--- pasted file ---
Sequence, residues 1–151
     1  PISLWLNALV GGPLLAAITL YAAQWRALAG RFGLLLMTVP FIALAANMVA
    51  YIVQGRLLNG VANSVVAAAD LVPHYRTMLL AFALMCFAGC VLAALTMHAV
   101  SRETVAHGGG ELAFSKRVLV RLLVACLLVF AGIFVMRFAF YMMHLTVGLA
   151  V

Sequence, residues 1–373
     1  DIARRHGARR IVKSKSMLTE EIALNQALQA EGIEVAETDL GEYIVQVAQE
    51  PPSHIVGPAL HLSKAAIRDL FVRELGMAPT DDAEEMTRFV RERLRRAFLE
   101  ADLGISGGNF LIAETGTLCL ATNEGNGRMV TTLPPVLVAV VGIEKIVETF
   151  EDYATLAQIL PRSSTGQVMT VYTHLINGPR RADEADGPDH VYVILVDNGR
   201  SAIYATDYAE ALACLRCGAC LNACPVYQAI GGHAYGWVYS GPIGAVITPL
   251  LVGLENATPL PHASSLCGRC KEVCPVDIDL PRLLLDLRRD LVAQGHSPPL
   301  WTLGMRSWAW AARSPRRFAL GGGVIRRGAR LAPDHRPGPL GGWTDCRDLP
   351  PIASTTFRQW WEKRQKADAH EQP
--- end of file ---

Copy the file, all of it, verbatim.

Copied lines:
Sequence, residues 1–151
     1  PISLWLNALV GGPLLAAITL YAAQWRALAG RFGLLLMTVP FIALAANMVA
    51  YIVQGRLLNG VANSVVAAAD LVPHYRTMLL AFALMCFAGC VLAALTMHAV
   101  SRETVAHGGG ELAFSKRVLV RLLVACLLVF AGIFVMRFAF YMMHLTVGLA
   151  V

Sequence, residues 1–373
     1  DIARRHGARR IVKSKSMLTE EIALNQALQA EGIEVAETDL GEYIVQVAQE
    51  PPSHIVGPAL HLSKAAIRDL FVRELGMAPT DDAEEMTRFV RERLRRAFLE
   101  ADLGISGGNF LIAETGTLCL ATNEGNGRMV TTLPPVLVAV VGIEKIVETF
   151  EDYATLAQIL PRSSTGQVMT VYTHLINGPR RADEADGPDH VYVILVDNGR
   201  SAIYATDYAE ALACLRCGAC LNACPVYQAI GGHAYGWVYS GPIGAVITPL
   251  LVGLENATPL PHASSLCGRC KEVCPVDIDL PRLLLDLRRD LVAQGHSPPL
   301  WTLGMRSWAW AARSPRRFAL GGGVIRRGAR LAPDHRPGPL GGWTDCRDLP
   351  PIASTTFRQW WEKRQKADAH EQP